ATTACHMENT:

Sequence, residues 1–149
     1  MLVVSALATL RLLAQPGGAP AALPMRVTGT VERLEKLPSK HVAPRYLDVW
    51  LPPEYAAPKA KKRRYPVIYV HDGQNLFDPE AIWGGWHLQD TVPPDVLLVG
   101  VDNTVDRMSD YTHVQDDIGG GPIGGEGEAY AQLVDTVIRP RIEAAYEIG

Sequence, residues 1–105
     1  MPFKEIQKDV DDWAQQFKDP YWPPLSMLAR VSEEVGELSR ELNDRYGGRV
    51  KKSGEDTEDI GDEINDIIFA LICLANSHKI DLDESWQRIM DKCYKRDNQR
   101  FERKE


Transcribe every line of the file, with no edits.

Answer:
Sequence, residues 1–149
     1  MLVVSALATL RLLAQPGGAP AALPMRVTGT VERLEKLPSK HVAPRYLDVW
    51  LPPEYAAPKA KKRRYPVIYV HDGQNLFDPE AIWGGWHLQD TVPPDVLLVG
   101  VDNTVDRMSD YTHVQDDIGG GPIGGEGEAY AQLVDTVIRP RIEAAYEIG

Sequence, residues 1–105
     1  MPFKEIQKDV DDWAQQFKDP YWPPLSMLAR VSEEVGELSR ELNDRYGGRV
    51  KKSGEDTEDI GDEINDIIFA LICLANSHKI DLDESWQRIM DKCYKRDNQR
   101  FERKE